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Cell Rep. 2017 Nov 28;21(9):2571-2584. doi: 10.1016/j.celrep.2017.10.118.

Quiescence Exit of Tert+ Stem Cells by Wnt/β-Catenin Is Indispensable for Intestinal Regeneration.

Author information

1
Department of Experimental Radiation Oncology, Division of Radiation Oncology, The University of Texas, MD Anderson Cancer Center, Houston, TX 77030, USA.
2
Department of Experimental Radiation Oncology, Division of Radiation Oncology, The University of Texas, MD Anderson Cancer Center, Houston, TX 77030, USA; Graduate School of Biomedical Sciences, The University of Texas, MD Anderson Cancer Center, Houston, TX 77030, USA; Program in Genes and Development, The University of Texas MD, Anderson Cancer Center, Houston, TX 77030, USA. Electronic address: jaeil@mdanderson.org.

Abstract

Fine control of stem cell maintenance and activation is crucial for tissue homeostasis and regeneration. However, the mechanism of quiescence exit of Tert+ intestinal stem cells (ISCs) remains unknown. Employing a Tert knockin (TertTCE/+) mouse model, we found that Tert+ cells are long-term label-retaining self-renewing cells, which are partially distinguished from the previously identified +4 ISCs. Tert+ cells become mitotic upon irradiation (IR) injury. Conditional ablation of Tert+ cells impairs IR-induced intestinal regeneration but not intestinal homeostasis. Upon IR injury, Wnt signaling is specifically activated in Tert+ cells via the ROS-HIFs-transactivated Wnt2b signaling axis. Importantly, conditional knockout of β-catenin/Ctnnb1 in Tert+ cells undermines IR-induced quiescence exit of Tert+ cells, which subsequently impedes intestinal regeneration. Our results that Wnt-signaling-induced activation of Tert+ ISCs is indispensable for intestinal regeneration unveil the underlying mechanism for how Tert+ stem cells undergo quiescence exit upon tissue injury.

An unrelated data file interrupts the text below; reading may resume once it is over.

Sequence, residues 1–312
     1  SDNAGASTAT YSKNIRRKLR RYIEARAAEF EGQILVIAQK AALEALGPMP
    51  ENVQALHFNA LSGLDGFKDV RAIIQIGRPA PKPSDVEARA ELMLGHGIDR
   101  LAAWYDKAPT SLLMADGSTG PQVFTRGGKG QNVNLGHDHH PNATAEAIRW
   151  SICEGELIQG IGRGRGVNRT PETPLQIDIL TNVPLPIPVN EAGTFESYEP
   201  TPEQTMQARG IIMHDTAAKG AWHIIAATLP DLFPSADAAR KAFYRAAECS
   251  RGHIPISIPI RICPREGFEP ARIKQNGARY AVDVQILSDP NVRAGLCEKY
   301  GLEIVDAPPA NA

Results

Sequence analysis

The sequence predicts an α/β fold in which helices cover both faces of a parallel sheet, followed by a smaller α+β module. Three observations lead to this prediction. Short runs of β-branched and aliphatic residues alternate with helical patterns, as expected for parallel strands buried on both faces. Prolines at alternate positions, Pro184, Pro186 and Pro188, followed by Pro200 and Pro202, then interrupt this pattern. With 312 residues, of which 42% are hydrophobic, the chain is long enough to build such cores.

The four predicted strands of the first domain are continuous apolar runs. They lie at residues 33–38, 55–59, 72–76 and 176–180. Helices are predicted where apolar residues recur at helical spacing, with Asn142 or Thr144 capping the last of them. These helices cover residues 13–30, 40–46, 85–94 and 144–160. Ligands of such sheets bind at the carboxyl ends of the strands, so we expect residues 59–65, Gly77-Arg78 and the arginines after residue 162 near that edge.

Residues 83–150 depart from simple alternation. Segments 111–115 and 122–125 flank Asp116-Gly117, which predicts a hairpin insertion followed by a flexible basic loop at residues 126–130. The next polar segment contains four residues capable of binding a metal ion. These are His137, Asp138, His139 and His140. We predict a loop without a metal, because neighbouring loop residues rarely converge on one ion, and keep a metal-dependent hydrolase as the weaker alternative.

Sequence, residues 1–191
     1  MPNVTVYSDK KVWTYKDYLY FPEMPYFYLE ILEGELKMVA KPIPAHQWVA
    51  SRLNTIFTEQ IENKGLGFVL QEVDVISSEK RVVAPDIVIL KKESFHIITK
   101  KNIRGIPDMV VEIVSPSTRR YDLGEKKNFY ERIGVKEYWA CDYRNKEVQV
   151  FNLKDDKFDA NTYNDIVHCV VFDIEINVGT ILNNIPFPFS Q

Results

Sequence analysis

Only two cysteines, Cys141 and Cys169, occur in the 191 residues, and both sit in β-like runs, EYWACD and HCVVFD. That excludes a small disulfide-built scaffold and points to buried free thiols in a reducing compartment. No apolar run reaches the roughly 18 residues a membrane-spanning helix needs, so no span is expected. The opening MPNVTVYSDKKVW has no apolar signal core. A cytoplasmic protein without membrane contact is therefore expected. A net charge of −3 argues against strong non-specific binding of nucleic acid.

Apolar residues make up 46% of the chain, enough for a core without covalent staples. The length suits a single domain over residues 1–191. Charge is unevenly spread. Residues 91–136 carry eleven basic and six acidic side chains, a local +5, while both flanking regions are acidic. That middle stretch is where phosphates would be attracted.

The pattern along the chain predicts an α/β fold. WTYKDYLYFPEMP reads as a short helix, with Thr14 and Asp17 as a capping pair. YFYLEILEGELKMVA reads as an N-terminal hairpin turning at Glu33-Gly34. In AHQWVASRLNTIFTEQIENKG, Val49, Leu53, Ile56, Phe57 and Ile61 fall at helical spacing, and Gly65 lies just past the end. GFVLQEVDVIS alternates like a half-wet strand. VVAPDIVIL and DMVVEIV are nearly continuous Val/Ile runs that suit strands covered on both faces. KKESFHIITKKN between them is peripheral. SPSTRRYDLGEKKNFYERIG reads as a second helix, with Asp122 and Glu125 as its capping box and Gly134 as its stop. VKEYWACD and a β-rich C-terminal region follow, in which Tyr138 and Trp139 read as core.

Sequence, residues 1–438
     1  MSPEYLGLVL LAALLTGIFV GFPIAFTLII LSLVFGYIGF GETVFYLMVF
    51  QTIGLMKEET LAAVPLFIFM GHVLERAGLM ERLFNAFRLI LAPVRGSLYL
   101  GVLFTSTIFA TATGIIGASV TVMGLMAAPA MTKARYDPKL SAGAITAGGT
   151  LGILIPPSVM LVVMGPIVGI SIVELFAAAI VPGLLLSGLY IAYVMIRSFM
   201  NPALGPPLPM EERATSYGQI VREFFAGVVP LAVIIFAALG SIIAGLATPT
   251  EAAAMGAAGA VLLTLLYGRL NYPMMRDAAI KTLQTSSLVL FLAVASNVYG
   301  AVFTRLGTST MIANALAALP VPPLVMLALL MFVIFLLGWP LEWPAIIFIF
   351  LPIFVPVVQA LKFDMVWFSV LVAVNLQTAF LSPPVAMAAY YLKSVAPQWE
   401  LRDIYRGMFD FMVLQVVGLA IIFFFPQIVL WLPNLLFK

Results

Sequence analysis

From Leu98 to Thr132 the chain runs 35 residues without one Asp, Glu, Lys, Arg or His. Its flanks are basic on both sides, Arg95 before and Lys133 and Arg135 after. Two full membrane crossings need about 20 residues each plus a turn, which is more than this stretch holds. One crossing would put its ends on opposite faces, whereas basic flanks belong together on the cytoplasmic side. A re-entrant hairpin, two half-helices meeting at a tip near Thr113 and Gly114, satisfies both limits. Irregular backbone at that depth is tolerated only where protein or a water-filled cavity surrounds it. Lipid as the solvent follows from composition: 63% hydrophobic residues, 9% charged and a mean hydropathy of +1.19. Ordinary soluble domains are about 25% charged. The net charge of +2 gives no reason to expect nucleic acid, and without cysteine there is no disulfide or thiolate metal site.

KEYWORDS:

ROS-HIFs-Wnt2b; Tert; Wnt/β-catenin; intestinal regeneration; intestinal stem cells; radiation

PMID:
29186692
PMCID:
PMC5726811
DOI:
10.1016/j.celrep.2017.10.118
[Indexed for MEDLINE]
Free PMC Article

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